I got a text Sunday morning from a friend of mine in Texas telling me that a man I knew in the town we lived in for many years had been killed. His name was Brian Jennings, but everyone called him BJ. He was 41, a youth pastor, with a wife and three children.
Late Saturday night, he was driving near his home when he came upon a person whose car was broken down in the road—a two-lane with no shoulder, ditches on each side. As he was helping the driver, along with two other people from a nearby home who had come out, a pickup full of high school teens, reportedly drinking and driving too fast, plowed into them all. The impact killed all four people standing beside the car.
Many years ago, when my wife and I first moved into that small Texas town and joined a church, we started hearing about “this kid” who was always there when the doors were open, but was constantly getting into some kind of mischief. BJ was “that kid.”
But as with so many of us headed down the wrong road, Jesus entered the picture and BJ’s life made a radical change. He ended up becoming a youth pastor, having a heart for “those kids” just like he was, in this same town where he grew up.
Today, BJ was well respected in the community among Christians and non-Christians. And no one—no one—was surprised to hear he had stopped to help a stranger. And, ironically, one of “those kids” caused his entry into Heaven. The very kids he lived to help and to see come to know the Jesus he himself had met.
Several years ago, BJ came to me to help him improve in a particular area—just a life skill that he wanted to get better at and felt I could help him. After a few months and major strides forward, he stopped by my office to thank me for my help and to share all that God had done for he and his family in this area. I thought to myself then, and I was reminded Sunday morning, who does that anymore? Who stops to graciously thank someone for their help and to report how God had moved in his life? Who stops to help someone in a potentially dangerous circumstance? Well, BJ did. That was the kind of man that Jesus had made Him; the kind of man who would humbly thank someone; the kind of man who would stop at midnight to assist a stranger; the kind of man who wanted to see every kid in his sight find what he had found in his teens—the God Who changes everything.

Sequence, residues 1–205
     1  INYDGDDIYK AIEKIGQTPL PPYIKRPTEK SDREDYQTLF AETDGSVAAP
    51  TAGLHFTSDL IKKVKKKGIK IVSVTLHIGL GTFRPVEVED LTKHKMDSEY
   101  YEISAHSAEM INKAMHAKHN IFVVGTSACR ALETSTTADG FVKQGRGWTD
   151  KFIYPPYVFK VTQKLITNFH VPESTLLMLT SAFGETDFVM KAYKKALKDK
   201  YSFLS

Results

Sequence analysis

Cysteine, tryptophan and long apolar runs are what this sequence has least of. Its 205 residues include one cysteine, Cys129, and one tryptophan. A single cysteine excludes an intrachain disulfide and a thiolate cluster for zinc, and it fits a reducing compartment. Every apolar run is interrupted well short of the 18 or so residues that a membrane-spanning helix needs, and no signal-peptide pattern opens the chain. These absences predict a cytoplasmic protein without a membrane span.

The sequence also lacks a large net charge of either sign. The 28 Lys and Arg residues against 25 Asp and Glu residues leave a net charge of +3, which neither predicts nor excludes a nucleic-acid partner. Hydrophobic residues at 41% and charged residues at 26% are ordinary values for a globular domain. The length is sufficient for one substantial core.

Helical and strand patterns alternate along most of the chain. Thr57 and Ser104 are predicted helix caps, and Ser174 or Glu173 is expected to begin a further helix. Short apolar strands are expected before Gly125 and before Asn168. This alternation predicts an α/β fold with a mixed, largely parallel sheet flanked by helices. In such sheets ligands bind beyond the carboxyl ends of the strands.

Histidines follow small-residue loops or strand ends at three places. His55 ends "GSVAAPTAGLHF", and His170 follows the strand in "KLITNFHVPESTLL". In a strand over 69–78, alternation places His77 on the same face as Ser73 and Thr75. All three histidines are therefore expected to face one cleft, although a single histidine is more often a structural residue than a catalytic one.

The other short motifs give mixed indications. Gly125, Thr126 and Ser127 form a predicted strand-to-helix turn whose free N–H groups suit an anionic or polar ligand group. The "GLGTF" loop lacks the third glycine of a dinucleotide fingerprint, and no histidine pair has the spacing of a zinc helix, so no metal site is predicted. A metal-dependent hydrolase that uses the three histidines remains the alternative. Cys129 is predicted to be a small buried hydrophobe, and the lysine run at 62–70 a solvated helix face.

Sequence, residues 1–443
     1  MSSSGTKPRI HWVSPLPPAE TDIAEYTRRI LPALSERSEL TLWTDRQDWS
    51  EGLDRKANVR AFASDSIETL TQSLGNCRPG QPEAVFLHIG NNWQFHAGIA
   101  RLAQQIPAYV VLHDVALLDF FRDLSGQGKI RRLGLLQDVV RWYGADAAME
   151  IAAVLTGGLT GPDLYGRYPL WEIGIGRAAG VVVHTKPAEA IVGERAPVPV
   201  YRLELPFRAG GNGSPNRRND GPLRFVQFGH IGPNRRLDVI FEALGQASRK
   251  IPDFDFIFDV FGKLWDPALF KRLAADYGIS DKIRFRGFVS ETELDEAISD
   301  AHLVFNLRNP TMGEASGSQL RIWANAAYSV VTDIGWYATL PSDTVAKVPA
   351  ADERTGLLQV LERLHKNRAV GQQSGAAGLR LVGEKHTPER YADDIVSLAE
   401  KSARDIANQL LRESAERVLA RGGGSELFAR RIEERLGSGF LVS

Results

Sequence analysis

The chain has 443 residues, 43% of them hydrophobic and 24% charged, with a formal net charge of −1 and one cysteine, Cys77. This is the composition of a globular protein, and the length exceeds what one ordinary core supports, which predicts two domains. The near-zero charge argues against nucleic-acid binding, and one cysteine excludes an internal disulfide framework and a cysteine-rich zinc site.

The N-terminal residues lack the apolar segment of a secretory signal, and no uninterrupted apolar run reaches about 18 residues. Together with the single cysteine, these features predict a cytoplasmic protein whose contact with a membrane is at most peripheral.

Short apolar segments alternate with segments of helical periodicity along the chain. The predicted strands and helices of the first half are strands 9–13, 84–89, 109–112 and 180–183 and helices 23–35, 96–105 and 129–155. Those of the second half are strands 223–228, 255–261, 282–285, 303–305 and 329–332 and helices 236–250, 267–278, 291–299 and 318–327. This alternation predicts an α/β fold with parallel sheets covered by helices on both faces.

Saturday night, the world lost a good man; a warrior for Christ passed from the battleground to the palace; a pastor who loved every sheep God placed in his care entered the presence of The Good Shepherd. Whether 41 or 81, that’s quite a legacy. And, you know, in light of Scripture and I’m sure BJ would agree, we’re all one of “those kids” until we choose to become one of His kids.
Surely your goodness and unfailing love will pursue me all the days of my life, and I will live in the house of the Lord forever. —Psalm 23:6 NLT